US Airdate: October 14th 2009 – March 3rd 2010
As the show enters it’s final season, both Sean and Christian are forced to put business above friendship and as Liz prepares for motherhood, Matt hooks up with the last person who should be around kids and Kimber meets an unfortunate ending while Julia occasionally pops up here and there.
Final Cut: They always say that it’s best for a television show to know where exactly to end and I can’t help but wonder if Nip/Tuck’s last year adheres to that rule or if it became a series that perhaps outstayed its welcome. Unwisely spanning the fifth season throughout the space of three years wasn’t the brightest of ideas on Ryan Murphy’s part and there’s something in particular about this season that heightens feelings of fatigue to be perfectly honest.
Hitting on the recession has become such a popular theme with most TV shows at the minute that it’s not entertaining to watch and nor have we heard anything new so watching both the business and Sean’s financial struggles throughout the season doesn’t make the kind of emotional dent that it might have done maybe a season ago to be brutally honest.
Also I can’t help but think that perhaps Ryan Murphy’s reduced running of this series (along with the previous year) may also come into how the quality from this series is noticeably all over the place. While he was off getting Glee off the ground, it seems that the writers were going through a myriad of different storylines that all had differing potentials but never really reached them.
First of all, there’s Teddy. Rose MacGowen replacing Katee Sackhoff in the role was fine – she works well with Dylan Walsh and the character’s still interesting but she’s also too short lived. Only lasting five episodes and then being killed by a random serial killer might have some poetic justice to Teddy but it’s a disappointing way to bump off a character that at least could’ve lasted a bit longer, especially given that this season was lacking in interesting villains.
And there’s the arrival of Sean’s younger brother, Brendan. He’s no sooner on the show, then he leaves again because Christian managed to successfully widen the gap between Sean and his brother during his own little drug spiral, which is another plot that’s poorly developed as well this year. We wait six seasons to see someone from Sean’s family and we barely get time to know the guy – bad move, writers.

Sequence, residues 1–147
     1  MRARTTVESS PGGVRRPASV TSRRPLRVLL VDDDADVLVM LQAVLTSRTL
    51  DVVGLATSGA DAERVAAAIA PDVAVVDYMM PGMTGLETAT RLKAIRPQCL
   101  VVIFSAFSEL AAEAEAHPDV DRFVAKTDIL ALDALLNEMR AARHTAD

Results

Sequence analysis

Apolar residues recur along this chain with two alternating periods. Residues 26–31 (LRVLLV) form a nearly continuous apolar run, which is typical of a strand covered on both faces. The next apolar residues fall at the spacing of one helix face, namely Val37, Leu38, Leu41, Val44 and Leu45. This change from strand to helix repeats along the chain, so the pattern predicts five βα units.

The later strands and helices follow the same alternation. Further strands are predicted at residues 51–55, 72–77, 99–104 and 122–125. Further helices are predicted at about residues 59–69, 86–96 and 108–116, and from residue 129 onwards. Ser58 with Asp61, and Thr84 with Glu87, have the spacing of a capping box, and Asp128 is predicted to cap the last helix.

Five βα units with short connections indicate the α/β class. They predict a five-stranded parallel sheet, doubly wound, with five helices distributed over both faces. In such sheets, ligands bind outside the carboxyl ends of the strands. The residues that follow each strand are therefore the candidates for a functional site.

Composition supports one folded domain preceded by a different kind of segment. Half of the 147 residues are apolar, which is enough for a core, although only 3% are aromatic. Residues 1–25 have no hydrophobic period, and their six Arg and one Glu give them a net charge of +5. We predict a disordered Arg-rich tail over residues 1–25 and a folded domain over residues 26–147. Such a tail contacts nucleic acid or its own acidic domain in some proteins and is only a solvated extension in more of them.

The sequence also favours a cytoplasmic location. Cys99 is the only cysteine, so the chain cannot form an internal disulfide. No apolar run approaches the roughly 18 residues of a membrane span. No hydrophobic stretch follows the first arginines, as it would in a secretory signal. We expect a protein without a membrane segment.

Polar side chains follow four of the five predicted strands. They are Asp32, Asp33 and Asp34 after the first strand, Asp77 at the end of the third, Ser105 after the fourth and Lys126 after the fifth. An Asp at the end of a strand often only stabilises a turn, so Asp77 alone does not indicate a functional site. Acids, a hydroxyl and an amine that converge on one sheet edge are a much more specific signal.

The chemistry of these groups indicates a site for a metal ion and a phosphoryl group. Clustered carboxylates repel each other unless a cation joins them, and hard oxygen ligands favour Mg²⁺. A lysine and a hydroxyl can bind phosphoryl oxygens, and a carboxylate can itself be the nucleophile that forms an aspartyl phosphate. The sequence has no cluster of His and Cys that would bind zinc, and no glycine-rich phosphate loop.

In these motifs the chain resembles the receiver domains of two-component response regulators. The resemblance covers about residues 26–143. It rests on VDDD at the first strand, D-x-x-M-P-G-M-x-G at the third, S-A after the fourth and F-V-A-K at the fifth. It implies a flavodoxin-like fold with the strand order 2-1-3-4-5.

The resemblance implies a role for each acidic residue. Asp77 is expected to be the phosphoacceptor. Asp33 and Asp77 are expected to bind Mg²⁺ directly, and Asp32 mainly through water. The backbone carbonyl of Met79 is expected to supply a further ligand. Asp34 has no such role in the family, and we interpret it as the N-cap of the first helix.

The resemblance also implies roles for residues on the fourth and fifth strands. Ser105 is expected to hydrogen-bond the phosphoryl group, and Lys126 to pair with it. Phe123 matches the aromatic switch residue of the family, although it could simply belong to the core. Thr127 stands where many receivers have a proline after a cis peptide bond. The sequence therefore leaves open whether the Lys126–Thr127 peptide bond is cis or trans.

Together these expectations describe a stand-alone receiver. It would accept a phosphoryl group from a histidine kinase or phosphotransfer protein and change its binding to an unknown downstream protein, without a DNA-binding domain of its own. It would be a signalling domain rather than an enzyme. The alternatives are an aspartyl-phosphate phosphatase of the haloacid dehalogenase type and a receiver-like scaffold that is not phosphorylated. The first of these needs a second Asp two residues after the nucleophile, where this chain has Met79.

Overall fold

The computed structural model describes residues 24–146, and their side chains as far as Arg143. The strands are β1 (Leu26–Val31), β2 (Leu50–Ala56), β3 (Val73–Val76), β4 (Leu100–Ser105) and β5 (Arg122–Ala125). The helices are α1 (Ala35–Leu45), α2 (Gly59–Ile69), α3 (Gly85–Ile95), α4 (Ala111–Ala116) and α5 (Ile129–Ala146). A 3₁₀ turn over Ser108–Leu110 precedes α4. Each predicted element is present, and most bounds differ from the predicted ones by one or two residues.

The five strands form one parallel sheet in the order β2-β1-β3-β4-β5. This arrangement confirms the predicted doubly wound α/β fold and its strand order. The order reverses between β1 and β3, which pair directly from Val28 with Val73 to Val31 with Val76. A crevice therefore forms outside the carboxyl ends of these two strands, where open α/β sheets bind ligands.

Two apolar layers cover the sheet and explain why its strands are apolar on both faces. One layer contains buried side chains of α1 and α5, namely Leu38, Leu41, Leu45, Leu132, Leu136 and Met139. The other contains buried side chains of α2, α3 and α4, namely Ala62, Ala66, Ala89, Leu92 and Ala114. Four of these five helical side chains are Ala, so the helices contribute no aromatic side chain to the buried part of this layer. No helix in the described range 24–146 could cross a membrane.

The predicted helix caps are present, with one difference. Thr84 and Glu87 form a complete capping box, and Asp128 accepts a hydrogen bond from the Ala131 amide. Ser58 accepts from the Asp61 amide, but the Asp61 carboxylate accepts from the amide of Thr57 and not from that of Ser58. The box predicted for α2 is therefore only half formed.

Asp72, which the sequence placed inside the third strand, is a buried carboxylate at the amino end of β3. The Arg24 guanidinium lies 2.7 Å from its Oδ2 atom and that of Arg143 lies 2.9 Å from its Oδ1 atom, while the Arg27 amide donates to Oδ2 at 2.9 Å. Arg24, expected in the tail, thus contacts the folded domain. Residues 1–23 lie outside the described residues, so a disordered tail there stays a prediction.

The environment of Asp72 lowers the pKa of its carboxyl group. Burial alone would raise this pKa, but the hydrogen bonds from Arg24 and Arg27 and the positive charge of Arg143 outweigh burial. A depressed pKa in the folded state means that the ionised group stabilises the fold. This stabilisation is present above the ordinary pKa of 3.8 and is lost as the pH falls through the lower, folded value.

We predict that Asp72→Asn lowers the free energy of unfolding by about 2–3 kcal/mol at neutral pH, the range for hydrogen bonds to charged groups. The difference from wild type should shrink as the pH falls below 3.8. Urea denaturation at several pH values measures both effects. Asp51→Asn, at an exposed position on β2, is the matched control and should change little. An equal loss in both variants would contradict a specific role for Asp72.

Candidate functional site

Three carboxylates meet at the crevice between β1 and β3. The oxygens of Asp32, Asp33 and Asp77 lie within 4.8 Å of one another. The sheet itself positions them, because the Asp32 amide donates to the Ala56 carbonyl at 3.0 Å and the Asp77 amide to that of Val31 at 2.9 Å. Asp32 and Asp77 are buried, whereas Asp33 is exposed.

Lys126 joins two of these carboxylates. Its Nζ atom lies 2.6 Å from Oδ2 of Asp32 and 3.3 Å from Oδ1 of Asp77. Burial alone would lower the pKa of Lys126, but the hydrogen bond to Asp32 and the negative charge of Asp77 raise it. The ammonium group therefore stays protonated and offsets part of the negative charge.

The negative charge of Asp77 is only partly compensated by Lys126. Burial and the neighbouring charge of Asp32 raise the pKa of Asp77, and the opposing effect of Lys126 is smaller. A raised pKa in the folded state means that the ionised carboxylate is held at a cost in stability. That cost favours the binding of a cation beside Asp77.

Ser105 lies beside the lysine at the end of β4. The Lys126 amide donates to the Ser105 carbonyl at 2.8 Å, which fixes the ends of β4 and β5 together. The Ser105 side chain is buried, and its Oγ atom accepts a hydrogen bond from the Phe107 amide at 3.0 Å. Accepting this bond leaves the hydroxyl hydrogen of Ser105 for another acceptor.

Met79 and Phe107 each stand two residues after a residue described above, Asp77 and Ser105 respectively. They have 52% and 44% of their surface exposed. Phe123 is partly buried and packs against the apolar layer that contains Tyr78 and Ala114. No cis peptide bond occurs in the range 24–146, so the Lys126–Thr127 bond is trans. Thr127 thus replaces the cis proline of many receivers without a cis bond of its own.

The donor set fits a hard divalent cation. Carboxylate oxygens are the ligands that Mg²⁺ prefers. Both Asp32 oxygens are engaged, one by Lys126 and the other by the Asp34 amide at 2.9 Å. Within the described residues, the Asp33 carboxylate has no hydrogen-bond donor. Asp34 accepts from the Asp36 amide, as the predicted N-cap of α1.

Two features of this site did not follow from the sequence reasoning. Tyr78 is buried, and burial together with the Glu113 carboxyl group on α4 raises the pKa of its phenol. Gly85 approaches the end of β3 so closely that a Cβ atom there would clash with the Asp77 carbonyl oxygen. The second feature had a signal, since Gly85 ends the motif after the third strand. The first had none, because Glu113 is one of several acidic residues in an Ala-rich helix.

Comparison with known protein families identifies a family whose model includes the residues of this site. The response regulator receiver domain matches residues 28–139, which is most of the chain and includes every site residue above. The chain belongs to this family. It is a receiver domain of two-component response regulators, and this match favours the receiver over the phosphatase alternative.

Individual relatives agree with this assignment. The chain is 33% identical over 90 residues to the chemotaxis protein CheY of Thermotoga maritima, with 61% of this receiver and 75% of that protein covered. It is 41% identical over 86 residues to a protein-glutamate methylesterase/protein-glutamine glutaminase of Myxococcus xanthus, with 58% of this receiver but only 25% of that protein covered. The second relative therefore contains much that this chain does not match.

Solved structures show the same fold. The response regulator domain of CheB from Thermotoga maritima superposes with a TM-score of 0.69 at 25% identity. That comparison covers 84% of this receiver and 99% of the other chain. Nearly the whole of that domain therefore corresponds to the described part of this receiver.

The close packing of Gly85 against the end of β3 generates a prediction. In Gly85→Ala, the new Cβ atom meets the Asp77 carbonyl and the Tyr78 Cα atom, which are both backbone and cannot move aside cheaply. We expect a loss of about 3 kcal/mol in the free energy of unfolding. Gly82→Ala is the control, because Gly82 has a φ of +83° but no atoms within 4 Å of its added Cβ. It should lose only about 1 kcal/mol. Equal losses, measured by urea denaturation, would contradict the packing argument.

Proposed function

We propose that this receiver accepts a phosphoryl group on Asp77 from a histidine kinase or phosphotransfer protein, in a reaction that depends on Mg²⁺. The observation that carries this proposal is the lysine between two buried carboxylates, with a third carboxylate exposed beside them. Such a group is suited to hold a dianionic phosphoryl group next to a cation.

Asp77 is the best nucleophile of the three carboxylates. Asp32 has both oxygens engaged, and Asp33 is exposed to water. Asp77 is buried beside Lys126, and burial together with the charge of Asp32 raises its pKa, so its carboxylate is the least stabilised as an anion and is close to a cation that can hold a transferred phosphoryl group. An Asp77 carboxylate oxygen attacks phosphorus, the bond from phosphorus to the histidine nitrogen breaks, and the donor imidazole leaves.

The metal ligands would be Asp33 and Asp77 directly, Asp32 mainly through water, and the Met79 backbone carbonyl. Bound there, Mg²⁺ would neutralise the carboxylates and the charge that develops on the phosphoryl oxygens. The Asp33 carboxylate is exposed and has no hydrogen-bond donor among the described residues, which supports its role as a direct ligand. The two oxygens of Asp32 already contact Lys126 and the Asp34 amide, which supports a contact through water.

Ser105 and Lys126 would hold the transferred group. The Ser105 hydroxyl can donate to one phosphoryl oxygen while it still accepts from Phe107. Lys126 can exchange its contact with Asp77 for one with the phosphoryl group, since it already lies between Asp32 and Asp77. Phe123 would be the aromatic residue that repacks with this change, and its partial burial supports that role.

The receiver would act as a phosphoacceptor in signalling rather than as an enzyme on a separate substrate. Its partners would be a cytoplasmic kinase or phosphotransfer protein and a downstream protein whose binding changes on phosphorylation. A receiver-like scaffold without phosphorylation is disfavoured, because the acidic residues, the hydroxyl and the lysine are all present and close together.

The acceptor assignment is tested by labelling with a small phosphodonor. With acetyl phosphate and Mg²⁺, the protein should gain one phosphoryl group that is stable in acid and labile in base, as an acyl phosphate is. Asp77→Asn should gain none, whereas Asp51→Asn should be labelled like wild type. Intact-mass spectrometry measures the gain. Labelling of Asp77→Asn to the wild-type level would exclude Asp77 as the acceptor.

Sean and Christian’s relationship is another sour point of this season too. Through thick and thin, we’ve always been left to believe that the two of them would still have a friendship by the time this show would end but every season has seemingly chipped away at it that by the time they both come to their seperate ways in the last ever episode – the show’s 100th, it’s actually a relief. I’m pretty sure that’s not the emotion I should be feeling about their friendship eroding but the show certainly ended their once interesting dynamic on a sad note.
As for Liz, well divorcing Christian was never going to be easy and while she failed to finally find someone to love her, she did at least get a baby out of the deal with Sean as well as becoming a partner in the business, so overall, Liz is probably the only person to have really benefitted from this ending.
Other people who didn’t benefit included Julia being married off to some random English guy but at least she managed to stop both Sean and Christian in their tracks from pursuing her for the umpteenth time and that’s doing much better than either Kimber or Matt to be honest. Julia really isn’t that much of a big deal this season and that’s probably one of the better things about this year.
However, I’m still not sure who got the worst deal – Kimber for marrying Christian again, becoming miserable, having an affair with Sean that was impossible to care about and ending it all off-screen or Matt, who decided to sabotage a good thing with Ramona so that he could be Ava’s whipping boy until she tires of him. That coupled with his complete ease at using Jenna to get back with Ava and that mind numbingly stupid storyline at the start of the year of him being a mime robber were more than enough to make me realise that Matt is still one of the worst TV characters ever written and that this series has had it’s day.
The last episode of the series isn’t horrible and there are some nice emotional beats but after six seasons and 100 episodes, the show more or less came to a whimper of an ending, rather than the bang that it should’ve ended with. It’s not that I’m against the finale being somewhat more subdued compared to the outlandish stuff the series has mostly given us but still, the ending was a major letdown. I can only hope that this isn’t a fate that visits Ryan Murphy again with Glee.
DVD EXTRAS: This show’s never been awash with plentiful extras and for a final DVD set, don’t expect much here. Apart from deleted scenes and blooper, the only other offering seems to be a feature on the psychology of plastic surgery and that’s really your lot.
6x01: Don Hoberman = 7/10, 6x02: Enigma = 7/10,
6x03: Briggitte Reinholt = 8/10, 6x04: Jenny Juggs = 8/10,
6x05: Abigail Sullivan = 6/10, 6x06: Alexis Stone = 8/10,
6x07: Alexis Stone 2 = 7/10, 6x08: Lola Wlodkowski = 9/10,
6x09: Benny Nilsson = 7/10, 6x10: Wesley Clovis = 7/10,
6x11: Dan Daly = 8/10, 6x12: Willow Banks = 7/10,
6x13: Joel Seabrook = 9/10, 6x14: Sheila Carlton = 8/10,
6x15: Virginia Hayes = 7/10, 6x16: Dr. Griffin = 7/10,
6x17: Christian Troy 2 = 8/10, 6x18: Walter And Edith Krieger = 7/10,
6x19: Hiro Yoshimura = 6/10.
Season 6 is currently available on DVD.